July 26, 2011 - 1:54PM
Samoa's prime minister has accused his Fijian counterpart of lying about his election plans, saying the military leader plans to hold on to office for years.
Samoan leader Tuilaepa Sailele Malielegaoi said he was saddened that Fiji's self-appointed prime minister, Commodore Frank Bainimarama, "appears to be doing everything he can" to hold back democracy in the military-led country.
"It's sad to see he's not taking advice to work with the region to help resolve the rift that exists, and he doesn't appear to be seriously working towards elections either," Mr Tuilaepa told AAP.
Cdre Bainimarama took control of Fiji in a military coup in December 2006 and has not held elections since, instead installing military officers in public positions and establishing emergency regulations that limit press and public freedoms.
He recently vowed to honour a promise for elections by September 2014, saying the extra time was needed to reform the country's unfair electoral system.
Mr Tuilaepa said he had "real doubts" about this promise.
"What the interim leader has been telling us is all lies," he said.
"I don't think there's been any progress made. And 2014 is a target which no one would take very seriously because of the contrary actions which the government has taken, like filling positions in the civil service with personnel from the military.
"It's simply not realistic to come to 2014 and tell these people who have been firmly entrenched in the top echelons of the government to go back to the barracks.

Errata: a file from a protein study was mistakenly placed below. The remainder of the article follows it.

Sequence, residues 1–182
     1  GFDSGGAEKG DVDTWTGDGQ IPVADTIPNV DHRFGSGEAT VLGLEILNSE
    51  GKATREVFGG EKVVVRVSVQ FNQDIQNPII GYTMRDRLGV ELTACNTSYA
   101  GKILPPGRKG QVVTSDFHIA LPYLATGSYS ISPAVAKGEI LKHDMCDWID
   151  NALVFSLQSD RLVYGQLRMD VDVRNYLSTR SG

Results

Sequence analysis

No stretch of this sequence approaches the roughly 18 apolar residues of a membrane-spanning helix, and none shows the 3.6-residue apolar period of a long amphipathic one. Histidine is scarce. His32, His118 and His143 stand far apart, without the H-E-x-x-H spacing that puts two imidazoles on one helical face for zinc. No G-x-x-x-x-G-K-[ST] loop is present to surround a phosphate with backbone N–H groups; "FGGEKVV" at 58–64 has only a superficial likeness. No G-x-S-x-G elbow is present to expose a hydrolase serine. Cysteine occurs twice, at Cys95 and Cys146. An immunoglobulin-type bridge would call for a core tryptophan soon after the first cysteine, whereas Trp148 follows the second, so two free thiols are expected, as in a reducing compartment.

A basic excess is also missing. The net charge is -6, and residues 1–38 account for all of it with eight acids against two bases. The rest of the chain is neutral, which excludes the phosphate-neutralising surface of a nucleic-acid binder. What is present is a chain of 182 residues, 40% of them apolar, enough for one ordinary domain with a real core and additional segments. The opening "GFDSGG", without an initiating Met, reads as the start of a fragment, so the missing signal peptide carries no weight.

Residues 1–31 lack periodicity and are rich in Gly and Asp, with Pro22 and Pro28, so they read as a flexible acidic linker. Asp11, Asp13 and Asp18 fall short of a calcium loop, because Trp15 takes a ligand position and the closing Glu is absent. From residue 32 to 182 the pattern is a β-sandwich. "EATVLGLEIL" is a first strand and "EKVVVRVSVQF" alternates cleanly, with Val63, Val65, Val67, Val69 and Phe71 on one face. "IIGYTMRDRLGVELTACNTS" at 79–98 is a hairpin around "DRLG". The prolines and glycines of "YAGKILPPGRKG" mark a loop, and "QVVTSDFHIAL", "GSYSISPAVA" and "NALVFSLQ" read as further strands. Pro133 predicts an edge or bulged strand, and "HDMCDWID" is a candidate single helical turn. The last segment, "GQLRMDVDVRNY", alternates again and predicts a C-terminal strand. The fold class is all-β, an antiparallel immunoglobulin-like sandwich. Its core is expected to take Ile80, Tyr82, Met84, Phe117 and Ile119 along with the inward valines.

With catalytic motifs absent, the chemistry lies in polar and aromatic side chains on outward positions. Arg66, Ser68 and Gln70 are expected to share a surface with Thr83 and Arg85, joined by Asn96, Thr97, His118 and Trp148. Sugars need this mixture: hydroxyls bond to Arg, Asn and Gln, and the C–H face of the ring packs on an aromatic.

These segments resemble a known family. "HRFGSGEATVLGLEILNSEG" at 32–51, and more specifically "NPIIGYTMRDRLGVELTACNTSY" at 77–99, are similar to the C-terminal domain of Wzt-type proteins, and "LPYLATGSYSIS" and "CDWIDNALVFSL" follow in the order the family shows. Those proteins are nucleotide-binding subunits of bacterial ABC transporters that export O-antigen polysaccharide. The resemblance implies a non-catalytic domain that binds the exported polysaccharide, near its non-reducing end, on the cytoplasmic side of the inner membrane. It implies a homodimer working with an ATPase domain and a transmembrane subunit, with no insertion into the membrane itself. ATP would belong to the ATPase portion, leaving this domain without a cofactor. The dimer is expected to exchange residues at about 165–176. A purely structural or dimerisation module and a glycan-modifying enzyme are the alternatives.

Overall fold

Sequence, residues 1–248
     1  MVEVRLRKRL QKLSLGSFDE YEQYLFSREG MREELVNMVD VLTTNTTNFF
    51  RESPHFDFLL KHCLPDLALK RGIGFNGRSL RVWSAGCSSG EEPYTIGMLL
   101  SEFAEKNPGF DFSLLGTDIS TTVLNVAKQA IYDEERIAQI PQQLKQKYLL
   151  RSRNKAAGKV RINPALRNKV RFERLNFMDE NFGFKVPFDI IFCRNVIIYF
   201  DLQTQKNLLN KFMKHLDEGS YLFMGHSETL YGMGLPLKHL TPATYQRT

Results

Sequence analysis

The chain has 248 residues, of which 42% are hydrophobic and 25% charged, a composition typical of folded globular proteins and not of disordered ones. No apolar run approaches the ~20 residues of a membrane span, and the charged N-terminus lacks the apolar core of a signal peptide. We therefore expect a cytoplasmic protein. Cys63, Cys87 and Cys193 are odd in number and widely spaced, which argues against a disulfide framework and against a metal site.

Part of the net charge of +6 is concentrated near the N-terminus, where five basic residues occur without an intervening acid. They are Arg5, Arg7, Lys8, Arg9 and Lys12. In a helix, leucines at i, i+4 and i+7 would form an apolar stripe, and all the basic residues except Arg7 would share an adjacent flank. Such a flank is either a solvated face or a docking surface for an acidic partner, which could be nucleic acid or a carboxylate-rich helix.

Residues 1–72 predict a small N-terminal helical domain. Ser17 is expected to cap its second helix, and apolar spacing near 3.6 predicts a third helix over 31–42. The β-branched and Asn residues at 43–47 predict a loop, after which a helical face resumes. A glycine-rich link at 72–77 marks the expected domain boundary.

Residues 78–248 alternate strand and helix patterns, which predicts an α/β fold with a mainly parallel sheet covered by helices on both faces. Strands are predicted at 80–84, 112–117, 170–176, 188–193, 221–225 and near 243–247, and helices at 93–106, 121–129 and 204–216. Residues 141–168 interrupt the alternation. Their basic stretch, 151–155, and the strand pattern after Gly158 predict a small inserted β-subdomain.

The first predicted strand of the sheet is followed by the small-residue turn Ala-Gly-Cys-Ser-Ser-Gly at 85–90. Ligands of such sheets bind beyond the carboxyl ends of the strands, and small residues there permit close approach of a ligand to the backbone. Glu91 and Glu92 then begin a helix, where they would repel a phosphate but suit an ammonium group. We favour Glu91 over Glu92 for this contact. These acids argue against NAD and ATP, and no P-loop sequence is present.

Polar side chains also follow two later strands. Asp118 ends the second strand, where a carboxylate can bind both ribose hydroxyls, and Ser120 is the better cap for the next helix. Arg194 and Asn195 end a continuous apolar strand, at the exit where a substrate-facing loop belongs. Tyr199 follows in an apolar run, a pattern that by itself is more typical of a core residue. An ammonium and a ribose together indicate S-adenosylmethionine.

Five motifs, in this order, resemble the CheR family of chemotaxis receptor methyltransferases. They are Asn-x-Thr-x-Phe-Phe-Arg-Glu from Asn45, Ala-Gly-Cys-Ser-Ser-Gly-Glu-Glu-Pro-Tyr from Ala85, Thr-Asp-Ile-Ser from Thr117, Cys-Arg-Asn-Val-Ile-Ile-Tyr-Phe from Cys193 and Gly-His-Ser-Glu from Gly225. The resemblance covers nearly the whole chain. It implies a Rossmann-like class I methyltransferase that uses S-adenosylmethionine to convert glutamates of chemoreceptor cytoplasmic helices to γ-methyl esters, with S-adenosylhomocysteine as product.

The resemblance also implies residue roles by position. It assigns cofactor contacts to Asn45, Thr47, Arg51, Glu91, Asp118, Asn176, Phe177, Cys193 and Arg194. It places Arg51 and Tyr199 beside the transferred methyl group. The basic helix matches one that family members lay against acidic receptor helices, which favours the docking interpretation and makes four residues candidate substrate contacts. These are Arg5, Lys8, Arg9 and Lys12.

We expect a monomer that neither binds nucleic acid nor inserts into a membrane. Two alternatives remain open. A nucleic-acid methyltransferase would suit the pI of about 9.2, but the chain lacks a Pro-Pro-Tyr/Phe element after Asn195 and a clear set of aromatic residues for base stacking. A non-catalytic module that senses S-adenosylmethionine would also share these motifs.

"I don't think he's planning to go anywhere for many years to come."
Fiji's government spokeswoman Sharon Smith-Johns said on Tuesday plans for 2014 elections still stood and any comments by naysayers were "completely irrelevant".
"It shows a lack of understanding from certain individuals regarding the progress that Fiji is making with regards to reforms, and demonstrates a low level of understanding of the impact these reforms are positively having on the country," she said.
Mr Tuilaepa is unfazed by Fiji's criticism, saying talking about regional worries was the "Pacific way".
He raised concerns that the annual Pacific Islands Forum meeting, to be held in Auckland in September, may be hijacked by the issue of Fiji, which was banned from the group in 2009.
"We have a lot of important things to discuss about regional trade, work programs and building ties," Mr Tuilaepa said.
"We need to be sure we can actually talk about these things and not just talk about the problem of Fiji."
A report on Fiji is expected to be tabled at the meeting, but Mr Tuilaepa said he didn't expect any progress that would allow Fiji to rejoin the regional meetings.
"Democratic principles have to be respected, the same principles we all adhere to. That's not happening in Fiji."
"It is the urgent wish of every forum member that Fiji comes back to the fold to rejoin the forum but you can only do so much. It's up to the Fijians to decide what their status is."